A pentatonic scale guitar shape is one of the first things a beginner guitarist will learn (guitarists often learn scales in ‘shapes’ that can be moved up and down the fretboard, rather than as notes).
Pentatonic scales consist of five notes (hence the name). Pentatonic scales are used in blues, rock and jazz guitar improvisation.
There are actually two pentatonic scales: the minor pentatonic, and the major pentatonic. This page shows you how to play both types.
On this page you’ll find out how to play pentatonic scales with any root note, using transposable fretboard diagrams. The scales are also shown in tab and notation.
Once you’ve mastered pentatonic scales, use them to along with the backing track provided.
- Want to learn more scales? Check out our main Guitar Scales page.
- Blues guitarist? Check out our Blues Backing Tracks album.
Pentatonic Scale Guitar Introduction
Pentatonic scales, in both minor and major form, are shown below as transposable shapes and in guitar TAB / notation.
Although the tabs and notation are for A minor and A major pentatonic scales, the shapes and fingerings for these guitar scales are transposable.
This means that they can also be used to play pentatonic scales in ANY key.
The white notes on the diagrams and the ‘R’ letter on the tab represent the root note of the scale.
The notes in an A minor pentatonic scale are: A C D E G
The notes in an A major pentatonic scale are: A, B, C#, E, F# (Pentatonic major scales are covered further down this page).
Minor Pentatonic Scales For Guitar
Minor pentatonic scales are among the most commonly used scales for lead guitar improvising. Usually, when guitarists refer to ‘pentatonic scales’, they are talking about minor pentatonic scales.
Minor Pentatonic Scale Guitar Diagrams
Below are the five main pentatonic scale shapes for guitar. These shapes are transposable, i.e. they can be moved up and down the guitar fretboard to play pentatonic scales in any key.
Don’t forget to try the scales out using the backing track further down the page!
How To Use The Pentatonic Scale Shapes
In the diagrams above, the root note of the scale is shown with a white circle. If you know where the notes are on a guitar fretboard, you can use the shapes to play any minor pentatonic scale. See where the notes are on a guitar fretboard here: Guitar Notes
Example: To play an A minor pentatonic scale
Because you know that the fifth fret on the sixth string is an A, you can use shape 1 at fifth position, because the ‘R’ in the diagram is positioned over the A on the fretboard.
Likewise you could play shape 4 at twelfth position because the shape has an ‘R’ on the fifth string, and the twelfth fret on the fifth string is an A.
To play an A minor pentatonic using the other shapes, play shape 2 in 7th position (i.e. so you play the A at the 7th fret of the 4th string with your 1st (index) finger), shape 3 in 9th position or shape 5 in 2nd position. The tabs below show the A minor pentatonic scale being played with each shape.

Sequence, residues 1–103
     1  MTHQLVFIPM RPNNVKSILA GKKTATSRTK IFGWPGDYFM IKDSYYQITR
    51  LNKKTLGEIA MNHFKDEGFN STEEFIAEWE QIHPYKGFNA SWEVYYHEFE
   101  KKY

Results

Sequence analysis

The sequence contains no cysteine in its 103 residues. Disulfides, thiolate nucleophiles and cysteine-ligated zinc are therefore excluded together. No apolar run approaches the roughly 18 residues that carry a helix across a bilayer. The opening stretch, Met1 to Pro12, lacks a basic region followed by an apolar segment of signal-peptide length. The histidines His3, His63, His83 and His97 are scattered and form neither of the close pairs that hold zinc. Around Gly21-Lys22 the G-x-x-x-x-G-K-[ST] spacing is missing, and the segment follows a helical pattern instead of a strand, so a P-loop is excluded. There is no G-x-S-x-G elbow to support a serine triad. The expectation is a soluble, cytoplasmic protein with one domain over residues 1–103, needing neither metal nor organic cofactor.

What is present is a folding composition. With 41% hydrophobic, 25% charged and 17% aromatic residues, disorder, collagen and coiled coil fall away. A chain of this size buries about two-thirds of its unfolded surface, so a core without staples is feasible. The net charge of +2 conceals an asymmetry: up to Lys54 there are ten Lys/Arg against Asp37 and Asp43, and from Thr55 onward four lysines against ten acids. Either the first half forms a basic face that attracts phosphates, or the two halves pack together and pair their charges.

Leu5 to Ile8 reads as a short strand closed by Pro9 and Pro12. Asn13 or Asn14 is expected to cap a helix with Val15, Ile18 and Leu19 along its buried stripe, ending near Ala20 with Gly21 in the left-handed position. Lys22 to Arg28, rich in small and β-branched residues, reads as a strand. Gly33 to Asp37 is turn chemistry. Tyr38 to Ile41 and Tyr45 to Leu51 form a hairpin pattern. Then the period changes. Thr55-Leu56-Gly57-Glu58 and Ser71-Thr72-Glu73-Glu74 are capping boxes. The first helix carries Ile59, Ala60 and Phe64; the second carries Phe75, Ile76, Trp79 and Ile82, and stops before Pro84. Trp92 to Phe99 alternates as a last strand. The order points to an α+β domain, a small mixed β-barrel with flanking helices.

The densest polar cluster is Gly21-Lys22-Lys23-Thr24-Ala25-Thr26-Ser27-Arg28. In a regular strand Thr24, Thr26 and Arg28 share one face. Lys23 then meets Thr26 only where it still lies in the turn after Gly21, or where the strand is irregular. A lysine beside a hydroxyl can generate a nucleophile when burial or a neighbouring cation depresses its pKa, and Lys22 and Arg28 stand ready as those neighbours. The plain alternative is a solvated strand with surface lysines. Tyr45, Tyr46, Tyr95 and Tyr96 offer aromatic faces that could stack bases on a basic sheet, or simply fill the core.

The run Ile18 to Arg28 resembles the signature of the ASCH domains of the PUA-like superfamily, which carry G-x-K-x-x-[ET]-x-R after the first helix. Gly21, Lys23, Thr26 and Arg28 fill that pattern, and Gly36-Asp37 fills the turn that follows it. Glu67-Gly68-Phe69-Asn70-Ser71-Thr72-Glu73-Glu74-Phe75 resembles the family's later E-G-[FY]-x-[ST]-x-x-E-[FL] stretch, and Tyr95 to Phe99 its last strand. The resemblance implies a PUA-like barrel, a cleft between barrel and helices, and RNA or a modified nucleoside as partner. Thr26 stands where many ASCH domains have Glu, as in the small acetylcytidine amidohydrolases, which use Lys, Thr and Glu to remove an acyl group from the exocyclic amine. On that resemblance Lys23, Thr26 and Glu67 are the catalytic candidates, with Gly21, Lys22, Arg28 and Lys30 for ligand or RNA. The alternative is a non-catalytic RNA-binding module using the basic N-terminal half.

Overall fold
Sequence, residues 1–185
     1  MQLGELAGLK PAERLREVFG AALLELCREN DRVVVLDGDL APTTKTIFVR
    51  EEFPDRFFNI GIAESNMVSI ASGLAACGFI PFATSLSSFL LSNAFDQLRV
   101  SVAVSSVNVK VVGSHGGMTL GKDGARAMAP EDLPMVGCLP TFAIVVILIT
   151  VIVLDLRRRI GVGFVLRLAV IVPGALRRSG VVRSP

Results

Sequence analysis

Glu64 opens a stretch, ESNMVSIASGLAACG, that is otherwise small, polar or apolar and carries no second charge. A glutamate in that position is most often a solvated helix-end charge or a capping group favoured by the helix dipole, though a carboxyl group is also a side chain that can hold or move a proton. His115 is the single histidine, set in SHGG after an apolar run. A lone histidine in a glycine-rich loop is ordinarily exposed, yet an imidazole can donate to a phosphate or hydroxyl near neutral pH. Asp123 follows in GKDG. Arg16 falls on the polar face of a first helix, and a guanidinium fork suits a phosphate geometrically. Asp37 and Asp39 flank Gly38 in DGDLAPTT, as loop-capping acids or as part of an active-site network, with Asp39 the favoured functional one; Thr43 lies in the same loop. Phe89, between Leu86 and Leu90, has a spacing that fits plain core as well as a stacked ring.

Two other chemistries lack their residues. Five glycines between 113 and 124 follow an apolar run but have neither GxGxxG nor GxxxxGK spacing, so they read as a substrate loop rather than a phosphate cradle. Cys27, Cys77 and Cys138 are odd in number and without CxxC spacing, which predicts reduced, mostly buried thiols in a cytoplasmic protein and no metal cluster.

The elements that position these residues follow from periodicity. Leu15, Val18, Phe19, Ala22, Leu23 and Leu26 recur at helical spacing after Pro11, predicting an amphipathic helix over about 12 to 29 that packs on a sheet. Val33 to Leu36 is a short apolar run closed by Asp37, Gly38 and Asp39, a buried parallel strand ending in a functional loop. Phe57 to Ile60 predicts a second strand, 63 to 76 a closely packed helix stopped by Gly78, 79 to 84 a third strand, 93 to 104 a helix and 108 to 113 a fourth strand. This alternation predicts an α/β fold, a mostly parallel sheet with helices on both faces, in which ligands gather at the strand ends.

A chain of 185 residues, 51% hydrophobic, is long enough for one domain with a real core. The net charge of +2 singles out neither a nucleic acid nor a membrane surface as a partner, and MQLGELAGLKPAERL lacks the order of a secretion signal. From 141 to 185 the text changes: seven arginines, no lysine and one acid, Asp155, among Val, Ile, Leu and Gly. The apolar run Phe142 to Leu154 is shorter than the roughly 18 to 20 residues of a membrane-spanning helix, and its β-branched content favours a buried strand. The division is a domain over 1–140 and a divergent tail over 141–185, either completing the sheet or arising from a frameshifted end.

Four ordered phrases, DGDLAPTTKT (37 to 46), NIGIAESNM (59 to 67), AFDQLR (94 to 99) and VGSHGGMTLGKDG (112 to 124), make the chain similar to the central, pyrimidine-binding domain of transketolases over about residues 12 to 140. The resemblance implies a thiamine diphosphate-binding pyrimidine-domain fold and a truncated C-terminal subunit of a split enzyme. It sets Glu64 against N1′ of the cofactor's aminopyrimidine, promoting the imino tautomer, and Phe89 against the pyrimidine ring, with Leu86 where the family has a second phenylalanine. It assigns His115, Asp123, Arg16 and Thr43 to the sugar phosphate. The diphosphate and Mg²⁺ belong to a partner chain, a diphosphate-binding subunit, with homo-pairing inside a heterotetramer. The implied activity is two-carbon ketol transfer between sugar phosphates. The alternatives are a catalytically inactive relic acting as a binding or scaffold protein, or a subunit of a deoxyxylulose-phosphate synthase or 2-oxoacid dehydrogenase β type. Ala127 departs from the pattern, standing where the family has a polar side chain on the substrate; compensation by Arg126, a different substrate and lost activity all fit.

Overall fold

If you wished to play a B minor pentatonic, you would play the same shapes 2 frets higher than if were playing A minor scales, e.g. shape 1 at the 7th fret, shape 2 at the 9th fret, and so on.
Pentatonic Scale Tabs
Below are guitar TABs of all the A minor pentatonic scale shapes. The root note has been marked on the TABs. For each shape learn where the root notes are, so you can move up and down the fretboard using the same shapes to play other minor pentatonic scales.
How To Use Pentatonic Scales
- Minor pentatonic scales are used by guitarists in virtually every genre of music. Rock, blues, metal and jazz guitarists all rely on pentatonic scales in their lead solos.
- Although they are most often used to improvise over minor chord sequences, minor pentatonic scales can also be used over chord sequences in a major key – the minor notes in the scale clash with the major chords to produce a classic bluesy / jazzy sound.
- The pentatonic scale is also used for writing melodies in popular and classical music. Once you start to utilize pentatonics in your own playing, you will begin to hear them everywhere.
- By adding just one note, pentatonic scales can be changed into blues scales. Find out how to play blues scales here: Blues Scale Guitar.
Practice minor pentatonic scale improvisation over the following chord sequences:
Minor Key: ||: Am | F | Am | Am | Am | F | C | C :||
Major Key: ||: A | D | A | E7 :||
Pentatonic Scale Backing Track
Play along to the backing track on this video using a C minor pentatonic scale.
You can download this backing track here: Guitar Backing Tracks.
Major Pentatonic Scales
Pentatonic Scale Guitar Diagrams:
To play A pentatonic major scales, play shape 1 in 4th position, shape 2 in 6th position, shape 3 in 9th position, shape 4 in 12th position or shape 5 in 2nd (or in 14th position).
A Pentatonic Major Scales For Guitar In TAB and Notation
How To Use Major Pentatonic Scales
Pentatonic major scales, although not as widely used as minor pentatonics, are still popular scales in guitar improvisation. Experiment using them when improvising over chord sequences in the corresponding major key.
They still sound ‘bluesy’ but also have a ‘country’ sound.
||: A | D | A | E7 :||
Experiment improvising over the above chord sequence with both A minor and A major pentatonic scales, and note the difference in sound between the two.
You can play along to a backing tracks specially written for major pentatonic scales here: Guitar Scales Backing Tracks.
- We hope that you have enjoyed learning about pentatonic scales. Learn more guitar scales at our main guitar scales page.